Buddhist women group hosts convention today
The Hawaii Island United Hawaii Buddhist Women Association will hold its 59th annual convention today at the social hall of Honokaa Hongwanji Buddhist Temple in Honokaa. The theme of the event is “Path of Entrusting: Live the Teachings.” One of the featured speakers will be Katherine Werner Ciano, director of North Hawaii Hospice. Entertainment will be provided by the Honokaa High School Jazz Ensemble, led by Hawaii’s 2013 Living Treasure and Grammy Award winner, Gary Washburn.
Other presenters include, from the East Hawaii Cultural Center, Kay Yokoyama, coordinator of the publication, “Aloha Aina: Big Island Memories,” a book chronicling the memories of treasured kupuna; Charlene Asato, multimedia artist; Professor Jackie Pualani Johnson, chair of the University of Hawaii at Hilo Performing Arts Department; Randall McEndree, lecturer at Hawaii Community College, and Frances Chang Sherrard, founder and former executive director of the East Hawaii Cultural Center.
The College of Continuing Education and Community Service at the University of Hawaii at Hilo invites the public to a book talk by the founding director of the Smithsonian Institution’s Asian Pacific American Program and acting chief of the Asian Division at the Library of Congress, on Friday, Nov. 1, from 2 to 4 p.m., at the ‘Imiloa Astronomy Center Moanahoku Room. Dr. Franklin Odo will discuss his newly released book, “Holehole Bushi, Voices from the Canefields,” much of which was drawn from interviews and information from Hawaii Island families.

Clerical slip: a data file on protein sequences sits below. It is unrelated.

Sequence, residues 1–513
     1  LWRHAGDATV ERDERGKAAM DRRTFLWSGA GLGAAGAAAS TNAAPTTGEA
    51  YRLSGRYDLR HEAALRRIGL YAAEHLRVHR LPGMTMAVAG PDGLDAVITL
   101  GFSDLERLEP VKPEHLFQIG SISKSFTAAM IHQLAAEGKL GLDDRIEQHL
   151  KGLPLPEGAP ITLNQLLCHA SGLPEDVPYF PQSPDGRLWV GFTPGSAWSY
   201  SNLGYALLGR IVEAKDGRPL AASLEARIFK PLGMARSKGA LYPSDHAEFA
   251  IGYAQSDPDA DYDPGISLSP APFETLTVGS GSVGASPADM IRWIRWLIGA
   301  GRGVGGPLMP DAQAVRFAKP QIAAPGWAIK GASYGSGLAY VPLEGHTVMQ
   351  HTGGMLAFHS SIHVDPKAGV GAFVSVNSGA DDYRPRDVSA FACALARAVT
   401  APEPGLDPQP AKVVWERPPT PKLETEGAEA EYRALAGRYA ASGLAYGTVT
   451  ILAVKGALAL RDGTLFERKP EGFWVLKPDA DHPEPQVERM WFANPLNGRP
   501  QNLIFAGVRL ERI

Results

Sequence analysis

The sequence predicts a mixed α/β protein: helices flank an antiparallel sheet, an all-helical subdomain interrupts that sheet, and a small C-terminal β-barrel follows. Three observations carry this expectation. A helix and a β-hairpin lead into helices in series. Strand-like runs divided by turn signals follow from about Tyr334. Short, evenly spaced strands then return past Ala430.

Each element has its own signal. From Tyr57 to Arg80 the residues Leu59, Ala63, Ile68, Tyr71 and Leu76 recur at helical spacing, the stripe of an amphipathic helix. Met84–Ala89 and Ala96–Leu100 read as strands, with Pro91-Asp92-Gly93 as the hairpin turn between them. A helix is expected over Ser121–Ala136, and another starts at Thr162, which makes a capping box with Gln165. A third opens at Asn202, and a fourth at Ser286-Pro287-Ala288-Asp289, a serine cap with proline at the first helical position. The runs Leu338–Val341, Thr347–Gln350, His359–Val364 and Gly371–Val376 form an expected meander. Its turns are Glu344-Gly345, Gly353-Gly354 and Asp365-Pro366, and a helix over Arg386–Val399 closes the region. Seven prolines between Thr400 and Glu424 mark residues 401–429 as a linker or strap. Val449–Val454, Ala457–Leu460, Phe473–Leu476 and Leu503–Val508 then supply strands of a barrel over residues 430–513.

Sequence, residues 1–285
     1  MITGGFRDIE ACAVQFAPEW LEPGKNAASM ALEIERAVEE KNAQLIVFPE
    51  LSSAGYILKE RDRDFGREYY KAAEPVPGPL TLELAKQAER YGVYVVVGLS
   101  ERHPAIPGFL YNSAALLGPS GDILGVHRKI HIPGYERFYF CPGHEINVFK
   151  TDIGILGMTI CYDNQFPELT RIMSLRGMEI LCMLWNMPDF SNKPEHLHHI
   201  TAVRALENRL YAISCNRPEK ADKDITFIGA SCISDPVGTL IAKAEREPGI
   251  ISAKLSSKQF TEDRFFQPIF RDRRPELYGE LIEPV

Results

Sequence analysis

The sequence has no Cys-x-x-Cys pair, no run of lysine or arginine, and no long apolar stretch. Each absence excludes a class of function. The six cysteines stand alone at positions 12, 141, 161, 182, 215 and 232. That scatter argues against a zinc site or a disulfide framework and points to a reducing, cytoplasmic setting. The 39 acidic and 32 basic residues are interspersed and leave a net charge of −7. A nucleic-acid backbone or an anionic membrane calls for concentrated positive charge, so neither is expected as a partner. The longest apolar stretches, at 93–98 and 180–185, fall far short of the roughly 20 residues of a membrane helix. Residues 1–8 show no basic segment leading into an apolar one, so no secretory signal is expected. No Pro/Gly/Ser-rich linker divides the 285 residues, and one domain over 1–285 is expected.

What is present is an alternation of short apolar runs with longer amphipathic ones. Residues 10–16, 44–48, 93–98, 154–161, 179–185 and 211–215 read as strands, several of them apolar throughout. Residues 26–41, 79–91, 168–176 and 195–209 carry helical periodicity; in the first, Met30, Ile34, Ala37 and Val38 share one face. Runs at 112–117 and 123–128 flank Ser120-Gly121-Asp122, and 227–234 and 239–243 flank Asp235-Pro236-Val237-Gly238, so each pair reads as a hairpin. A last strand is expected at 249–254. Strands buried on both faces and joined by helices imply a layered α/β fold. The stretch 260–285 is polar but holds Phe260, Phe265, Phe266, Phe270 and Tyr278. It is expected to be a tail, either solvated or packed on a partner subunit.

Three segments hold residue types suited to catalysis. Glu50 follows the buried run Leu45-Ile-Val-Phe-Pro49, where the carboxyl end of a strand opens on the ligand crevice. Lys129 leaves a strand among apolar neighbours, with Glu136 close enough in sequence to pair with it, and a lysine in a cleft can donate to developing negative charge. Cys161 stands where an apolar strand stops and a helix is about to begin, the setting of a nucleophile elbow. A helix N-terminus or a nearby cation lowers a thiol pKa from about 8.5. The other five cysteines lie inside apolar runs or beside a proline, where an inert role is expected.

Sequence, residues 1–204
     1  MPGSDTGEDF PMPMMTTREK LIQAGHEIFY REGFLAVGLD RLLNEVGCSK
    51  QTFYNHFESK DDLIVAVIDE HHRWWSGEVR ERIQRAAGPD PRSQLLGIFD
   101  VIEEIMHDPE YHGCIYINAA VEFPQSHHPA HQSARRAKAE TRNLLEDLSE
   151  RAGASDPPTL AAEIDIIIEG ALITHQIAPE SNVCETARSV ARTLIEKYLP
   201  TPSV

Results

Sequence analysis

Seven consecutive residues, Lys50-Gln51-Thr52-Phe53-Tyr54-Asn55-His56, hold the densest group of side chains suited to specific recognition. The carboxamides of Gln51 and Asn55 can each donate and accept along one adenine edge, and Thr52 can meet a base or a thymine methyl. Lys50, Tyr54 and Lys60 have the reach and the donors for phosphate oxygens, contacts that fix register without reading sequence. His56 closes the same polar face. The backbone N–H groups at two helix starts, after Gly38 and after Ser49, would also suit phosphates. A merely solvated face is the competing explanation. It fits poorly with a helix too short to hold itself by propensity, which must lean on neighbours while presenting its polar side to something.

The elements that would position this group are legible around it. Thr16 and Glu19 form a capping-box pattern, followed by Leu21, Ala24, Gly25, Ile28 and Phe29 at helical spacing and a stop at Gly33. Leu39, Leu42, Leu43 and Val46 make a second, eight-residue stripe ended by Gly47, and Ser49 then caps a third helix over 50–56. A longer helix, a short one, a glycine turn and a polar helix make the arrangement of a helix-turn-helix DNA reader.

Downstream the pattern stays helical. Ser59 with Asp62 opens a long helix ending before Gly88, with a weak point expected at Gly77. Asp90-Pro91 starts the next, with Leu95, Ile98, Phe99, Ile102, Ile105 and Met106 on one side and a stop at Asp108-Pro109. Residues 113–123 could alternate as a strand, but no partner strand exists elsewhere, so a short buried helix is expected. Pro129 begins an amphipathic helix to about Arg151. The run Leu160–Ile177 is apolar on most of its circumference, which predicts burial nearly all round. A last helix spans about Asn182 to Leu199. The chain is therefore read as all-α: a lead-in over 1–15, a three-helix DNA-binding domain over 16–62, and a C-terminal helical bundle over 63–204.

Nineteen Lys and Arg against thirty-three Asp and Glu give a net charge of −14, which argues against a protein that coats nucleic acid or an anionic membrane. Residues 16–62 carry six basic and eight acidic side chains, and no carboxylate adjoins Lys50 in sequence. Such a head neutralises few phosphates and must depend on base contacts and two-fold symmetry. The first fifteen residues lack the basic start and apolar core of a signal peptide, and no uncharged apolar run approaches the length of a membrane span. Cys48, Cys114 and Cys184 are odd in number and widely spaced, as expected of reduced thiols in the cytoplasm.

“Holehole bushi” are the folk songs of the Japanese plantation workers describing the experiences of this particular group caught in the global movements of capital, empire, and labor during the late 19th and early 20th centuries. A book-signing and light refreshments will follow the presentation. Books will be available for purchase at the event. Special guests from Hilo Meishoin Tsukikage Odori Kai group will also perform traditional holehole bushi dances. RSVP is requested. Call 974-7664, email firstname.lastname@example.org or register online at http://hilo.hawaii.edu/academics/ccecs/registration.
Here’s a look at the spring semester classes now finalized to be held at NHERC, the North Hawaii Education and Research Center in Honokaa: